1. When you were a child, what job did you picture yourself having as an adult?
An animal rights activist and a clothes designer. I felt compelled to multitask from a young age.

2. When did you first realise you wanted to be an artist?
I always knew I’d do something creative. My parents still have a crayon drawing I did of my uncle when I was four. It bears an uncanny likeness to him (if you squint a bit).

3. Were you good at art at school?
According to my grades I was, but I didn’t have much confidence.

4. Do you remember the first exhibition you went to?
I don’t remember the first exhibition, but I remember the first exhibition I was profoundly moved by. It was at the Scottish National Gallery, Edinburgh: Helen Frankenthaler, works on paper.

5. Which artist do you most admire?
Many, for a whole host of reasons, but Euan Uglow for his obsessive accuracy and Frankenthaler for her reckless risks that paid off.

6. Which talent of theirs do you covet?
Uglow’s commitment to recording, whilst still allowing the viewer a notion of possibility. Frankenthaler’s faith in her forms and her ability to know when to stop.

7. If you could own any one painting in history, which would it be?
Probably something by John Singer Sargent: Fumée d’Ambre Gris or The Spanish Dancer.

8. What’s the best exhibition you’ve seen recently and why?
I saw the Jeremy Deller exhibition at Bristol Museum & Art Gallery last year and I really enjoyed his film installation. Also Oneself as Another at the RWA, a really varied approach to portraiture which included Freud and Bacon, as well as contemporary emerging artists. Exhibitions that contextualise the very new against the well established are always dynamic and thought-provoking shows.

9. Is there one place that’s had a decisive influence on your work? If so, in what way?
Bristol. This city is full of creativity, not just in the arts but in terms of creative, progressive thinking. Self-expression feels natural, achievable and essential. It offers unconditional creative opportunity and it has allowed me to grow as an artist.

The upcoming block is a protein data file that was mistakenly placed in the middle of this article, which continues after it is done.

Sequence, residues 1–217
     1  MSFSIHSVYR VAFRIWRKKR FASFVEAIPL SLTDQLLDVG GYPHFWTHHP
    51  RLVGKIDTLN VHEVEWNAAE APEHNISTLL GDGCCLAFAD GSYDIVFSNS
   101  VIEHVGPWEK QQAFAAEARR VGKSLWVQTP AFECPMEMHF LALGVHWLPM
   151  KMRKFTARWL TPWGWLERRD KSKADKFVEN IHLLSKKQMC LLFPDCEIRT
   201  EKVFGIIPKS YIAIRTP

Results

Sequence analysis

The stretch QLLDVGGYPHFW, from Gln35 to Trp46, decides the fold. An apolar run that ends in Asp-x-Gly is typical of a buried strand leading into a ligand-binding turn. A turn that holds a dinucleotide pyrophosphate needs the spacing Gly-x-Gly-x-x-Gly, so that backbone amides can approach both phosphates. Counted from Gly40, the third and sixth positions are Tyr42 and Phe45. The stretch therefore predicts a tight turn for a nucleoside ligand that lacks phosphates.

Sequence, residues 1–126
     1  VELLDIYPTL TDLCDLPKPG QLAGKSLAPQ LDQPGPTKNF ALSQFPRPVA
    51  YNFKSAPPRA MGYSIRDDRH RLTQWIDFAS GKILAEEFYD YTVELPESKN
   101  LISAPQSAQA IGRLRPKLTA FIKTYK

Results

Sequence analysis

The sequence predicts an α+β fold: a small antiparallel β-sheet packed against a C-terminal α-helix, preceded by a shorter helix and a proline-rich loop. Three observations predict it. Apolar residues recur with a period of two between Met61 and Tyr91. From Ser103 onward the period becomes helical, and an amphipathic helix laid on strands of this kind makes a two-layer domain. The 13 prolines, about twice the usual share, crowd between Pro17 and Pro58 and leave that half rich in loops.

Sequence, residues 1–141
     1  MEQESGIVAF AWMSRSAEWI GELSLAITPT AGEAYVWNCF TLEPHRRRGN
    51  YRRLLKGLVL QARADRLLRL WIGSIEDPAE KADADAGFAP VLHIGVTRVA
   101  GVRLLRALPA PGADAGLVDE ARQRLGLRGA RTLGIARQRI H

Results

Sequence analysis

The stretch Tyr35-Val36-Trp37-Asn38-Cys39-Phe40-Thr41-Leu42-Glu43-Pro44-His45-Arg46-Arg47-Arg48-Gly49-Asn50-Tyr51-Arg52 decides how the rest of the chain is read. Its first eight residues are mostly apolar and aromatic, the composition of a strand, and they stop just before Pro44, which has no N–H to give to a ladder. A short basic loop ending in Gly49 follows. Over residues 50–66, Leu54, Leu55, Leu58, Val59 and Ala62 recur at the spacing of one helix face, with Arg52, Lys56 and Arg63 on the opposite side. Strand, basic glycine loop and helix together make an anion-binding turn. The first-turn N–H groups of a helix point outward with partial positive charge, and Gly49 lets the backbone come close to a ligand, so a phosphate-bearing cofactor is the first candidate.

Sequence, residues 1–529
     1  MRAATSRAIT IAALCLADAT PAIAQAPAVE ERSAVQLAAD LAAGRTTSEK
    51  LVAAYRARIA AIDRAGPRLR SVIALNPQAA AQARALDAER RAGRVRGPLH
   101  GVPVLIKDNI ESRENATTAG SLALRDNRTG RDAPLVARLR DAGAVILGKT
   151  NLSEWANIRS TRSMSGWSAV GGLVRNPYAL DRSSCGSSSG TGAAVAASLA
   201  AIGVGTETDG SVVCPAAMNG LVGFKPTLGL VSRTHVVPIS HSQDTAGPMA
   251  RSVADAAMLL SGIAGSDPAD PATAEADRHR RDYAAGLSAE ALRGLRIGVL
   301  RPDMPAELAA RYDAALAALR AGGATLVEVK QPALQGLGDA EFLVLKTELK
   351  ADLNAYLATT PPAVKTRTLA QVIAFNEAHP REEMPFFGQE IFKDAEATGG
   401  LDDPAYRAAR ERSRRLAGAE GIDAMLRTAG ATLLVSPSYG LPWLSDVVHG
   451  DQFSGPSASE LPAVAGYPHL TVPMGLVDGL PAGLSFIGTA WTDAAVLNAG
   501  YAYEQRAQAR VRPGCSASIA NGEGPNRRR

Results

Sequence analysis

10. Where in the world would you like to spend six months making your art?
Berlin. I’ve been several times but have only scratched the surface. There’s a hardness and hostility about the city – it makes me nervous, and I think that energy would be an exciting influence on my work. It wouldn’t be idyllic but it would be authentic. It would be a challenge.

11. What subjects are you always drawn to in your work and why?
I’m influenced by my immediate environment, but more so by the people I spend time with. My female friends interest me; their strength, integrity and talent have inspired my latest series.

12. Which colour do you find yourself using in your work more frequently than others? Is there a reason why?
There isn’t one colour. I like the idea of subtle, calm neutrals, but I seem to be drawn to a warm palette.

13. How often do you produce a new picture, on average?
I work successfully in three-hours bursts, then start to make mistakes. If I work for long days I can finish a picture in three days, but more often than not it takes a few weeks.

14. What’s your studio like?
I share a space with a good friend but our paths rarely cross. I’ve only just moved in so it’s pleasantly uncluttered for the time being. We have a gold curtain as a door so it feels like a showbiz entrance every time one of us comes in.

15. How do you relax?
I don’t much. Painting is an escape but it’s active so it’s not restful. I have a one year old who has just started walking. I relax when she’s asleep – normally with alcohol.

16. What’s your most treasured possession?
I never seem to be able to hold on to possessions for long. But there is a tiny, oval black and white photograph of my mum when she was 18 that I would be upset about if I lost.

17. What’s your guiltiest pleasure?
Social media. A love/hate dirty secret.

18. If you could go back in time, when and where would you go?
To a dancefloor in the early 1950s, when dancing really meant dancing. Or to a Rolling Stones gig in the late 60s.

19. What plans do you have to develop your art?
My only plan is to just keep making. Ideas come and go. The important ones don’t feel like plans, they arrive like fortuitous disasters.

20. How would you like to be remembered?
With a wry smile.